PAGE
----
Recent Blog Articles

Addiction Archive

Articles

At what age is alcohol use unsafe?

Updated August 11, 2016

When older adults drink alcohol, they may be increasing their risk of falls. Otherwise, drinking alcohol in the older years poses the same risks as it does in the younger years.

Fentanyl: The dangers of this potent “man-made” opioid

Published August 5, 2016

Fentanyl is a powerful synthetic opioid. It is far more potent — and potentially more dangerous — than heroin and morphine. Overdose deaths related to fentanyl are on the rise. The drug is cheaper than heroin and recently is being used to dilute heroin or substitute for it. Users may be unaware that they are taking this potent drug, or may even seek its intense high. People at risk from using fentanyl can be treated successfully with therapies used for other opioid use disorders, but taking steps to prevent overdose are critical until a person is ready to seek care.

Quitting smoking during the second half of the menstrual cycle may help women kick the habit

Published July 21, 2016

Studies have shown that not only do women have a harder time quitting than men, but they also experience more severe health consequences from smoking. However, new research suggests that it may be easier for women to quit smoking during the second half of their menstrual cycle. During this time, the hormone progesterone is higher, and this appears to aid in quitting and avoiding relapse.

What’s the best way to quit smoking?

Published July 8, 2016

Quitting smoking can add years to your life. The earlier the better, but the benefits of quitting are real and significant, even if you’re 80. There are several ways to quit and it often takes multiple attempts to become and ex-smoker for good. Research suggests that for some people, quitting “cold turkey” may be the most effective approach.

Opiates no solution to back pain

Published June 20, 2016

As the treatment for chronic pain morphs into more opiate prescriptions, the rate of addiction and its consequences continues to climb. This doesn’t mean we should stop treating pain or that everyone prescribed opiates will become addicted. But it should give us pause and make us realize that just taking a pill doesn’t fix chronic pain – and doing so cause harm us in the long run.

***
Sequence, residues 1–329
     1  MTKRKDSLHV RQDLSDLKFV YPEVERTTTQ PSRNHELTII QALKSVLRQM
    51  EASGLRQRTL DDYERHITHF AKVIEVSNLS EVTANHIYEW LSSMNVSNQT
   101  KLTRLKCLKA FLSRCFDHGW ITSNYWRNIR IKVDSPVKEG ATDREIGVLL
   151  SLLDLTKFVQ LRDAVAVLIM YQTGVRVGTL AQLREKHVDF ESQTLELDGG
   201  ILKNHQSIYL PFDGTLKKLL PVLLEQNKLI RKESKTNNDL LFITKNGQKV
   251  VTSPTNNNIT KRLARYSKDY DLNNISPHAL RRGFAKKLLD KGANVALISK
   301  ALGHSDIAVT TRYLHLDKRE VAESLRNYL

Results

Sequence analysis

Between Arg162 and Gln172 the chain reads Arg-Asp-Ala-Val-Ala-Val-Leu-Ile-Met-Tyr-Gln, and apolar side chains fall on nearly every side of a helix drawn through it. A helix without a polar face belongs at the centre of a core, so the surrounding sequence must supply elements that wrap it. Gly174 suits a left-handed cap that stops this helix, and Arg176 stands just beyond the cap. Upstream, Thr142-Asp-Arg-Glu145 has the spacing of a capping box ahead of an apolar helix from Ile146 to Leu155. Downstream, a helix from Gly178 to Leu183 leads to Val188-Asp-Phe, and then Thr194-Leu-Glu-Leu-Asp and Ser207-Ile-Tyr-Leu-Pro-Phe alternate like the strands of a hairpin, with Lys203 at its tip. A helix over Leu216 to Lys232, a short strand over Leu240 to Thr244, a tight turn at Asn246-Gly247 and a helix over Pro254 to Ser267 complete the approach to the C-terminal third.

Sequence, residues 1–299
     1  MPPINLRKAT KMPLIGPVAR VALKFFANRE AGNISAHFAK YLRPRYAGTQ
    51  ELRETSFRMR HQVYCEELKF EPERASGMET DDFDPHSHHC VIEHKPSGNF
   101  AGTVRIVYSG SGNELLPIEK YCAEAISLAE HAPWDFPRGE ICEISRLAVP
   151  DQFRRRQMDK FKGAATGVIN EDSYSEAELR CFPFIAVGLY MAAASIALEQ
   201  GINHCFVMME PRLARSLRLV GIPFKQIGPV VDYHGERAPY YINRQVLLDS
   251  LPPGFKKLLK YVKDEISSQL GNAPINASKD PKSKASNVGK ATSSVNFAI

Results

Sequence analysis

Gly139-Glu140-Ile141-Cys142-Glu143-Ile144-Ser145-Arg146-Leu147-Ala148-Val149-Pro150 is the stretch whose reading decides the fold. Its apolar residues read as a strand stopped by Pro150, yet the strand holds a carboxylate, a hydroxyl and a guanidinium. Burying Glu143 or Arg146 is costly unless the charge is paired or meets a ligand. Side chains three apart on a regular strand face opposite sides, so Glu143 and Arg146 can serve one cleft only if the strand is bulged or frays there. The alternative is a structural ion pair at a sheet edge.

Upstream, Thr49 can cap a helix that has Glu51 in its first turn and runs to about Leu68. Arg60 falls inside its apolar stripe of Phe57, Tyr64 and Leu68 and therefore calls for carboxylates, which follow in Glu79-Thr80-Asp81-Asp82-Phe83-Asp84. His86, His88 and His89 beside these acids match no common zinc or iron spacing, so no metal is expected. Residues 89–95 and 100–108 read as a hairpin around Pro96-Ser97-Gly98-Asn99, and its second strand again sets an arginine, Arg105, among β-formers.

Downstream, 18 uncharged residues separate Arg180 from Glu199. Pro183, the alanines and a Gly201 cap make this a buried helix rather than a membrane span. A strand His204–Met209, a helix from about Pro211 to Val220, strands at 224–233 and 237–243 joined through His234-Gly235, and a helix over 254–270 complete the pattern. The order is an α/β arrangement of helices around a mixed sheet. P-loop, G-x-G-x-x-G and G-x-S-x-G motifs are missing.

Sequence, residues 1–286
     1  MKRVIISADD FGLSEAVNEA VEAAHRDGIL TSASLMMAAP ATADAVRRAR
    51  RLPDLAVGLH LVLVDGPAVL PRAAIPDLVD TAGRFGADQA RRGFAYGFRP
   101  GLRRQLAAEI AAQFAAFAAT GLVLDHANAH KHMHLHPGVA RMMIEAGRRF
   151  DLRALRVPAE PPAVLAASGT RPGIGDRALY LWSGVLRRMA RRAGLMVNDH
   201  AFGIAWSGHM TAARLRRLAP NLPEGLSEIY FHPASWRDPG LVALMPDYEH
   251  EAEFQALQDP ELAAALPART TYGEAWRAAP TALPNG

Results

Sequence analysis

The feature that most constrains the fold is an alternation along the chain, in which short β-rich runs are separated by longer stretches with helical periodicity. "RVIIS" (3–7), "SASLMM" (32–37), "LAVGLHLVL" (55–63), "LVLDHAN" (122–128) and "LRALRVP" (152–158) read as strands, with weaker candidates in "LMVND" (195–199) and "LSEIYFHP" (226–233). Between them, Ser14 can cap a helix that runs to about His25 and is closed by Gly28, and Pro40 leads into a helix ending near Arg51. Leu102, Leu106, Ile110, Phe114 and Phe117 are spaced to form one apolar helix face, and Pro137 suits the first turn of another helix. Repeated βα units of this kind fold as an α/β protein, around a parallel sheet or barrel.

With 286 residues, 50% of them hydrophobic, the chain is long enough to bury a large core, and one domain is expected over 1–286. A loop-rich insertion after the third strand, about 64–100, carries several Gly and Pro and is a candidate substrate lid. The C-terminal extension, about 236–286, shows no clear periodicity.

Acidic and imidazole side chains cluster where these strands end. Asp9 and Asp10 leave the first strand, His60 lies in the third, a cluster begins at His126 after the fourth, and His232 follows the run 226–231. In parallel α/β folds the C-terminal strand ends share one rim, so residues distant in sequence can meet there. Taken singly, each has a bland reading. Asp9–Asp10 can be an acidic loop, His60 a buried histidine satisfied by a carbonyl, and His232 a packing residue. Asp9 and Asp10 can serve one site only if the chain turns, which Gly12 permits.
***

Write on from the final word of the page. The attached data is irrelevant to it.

The opioid crisis and physician burnout: A tale of two epidemics

Published June 8, 2016

Like many of us these days, doctors are feeling the pressure of being asked to do more work in less time. This burnout is a big problem for both doctors and their patients, and it has big consequences — some obvious, some less so. In this post, Dr. Adelman explores the relationship between physician burnout and another big problem facing the country — the opioid epidemic.

Opioid crisis: The difference between sympathy and empathy

Published June 1, 2016

When a patient calls a new doctor begging for a refill on their pain medication, what should the doctor do? Denying medication to someone in significant pain seems unethical — but denying it to someone who’s suspected to be reselling it is a whole different story. Doctors now have systems in place to help them make the right call. But even these systems can’t replace the most critical piece of the puzzle — empathy.

Debunking misconceptions around addiction

Updated May 27, 2016

Dr. Michael Bierer explains the most common misconception about addiction and offers tips for recognizing if you might be developing an addiction.

Treatments for opioid medication addictions

Updated May 25, 2016

Dr. Wynne Armand talks with Dr. Terry Schraeder about the increase in opiod addictions and shares prevention and treatment methods for those experiencing an addiction to prescription opioid medication.

The latest dangerous “addiction” parents need to worry about: Mobile devices

Published May 10, 2016

If you’ve looked up from your phone recently — or even if you haven’t! — you may have noticed that many children and teens are glued to their devices. While experts aren’t quite ready to call this an “addiction,” a new survey of parents and teens confirms that many of them suspect they’re too dependent on their devices. We’ve discussed the potential implications of this, plus suggested some “ground rules” for when to ignore those devices.

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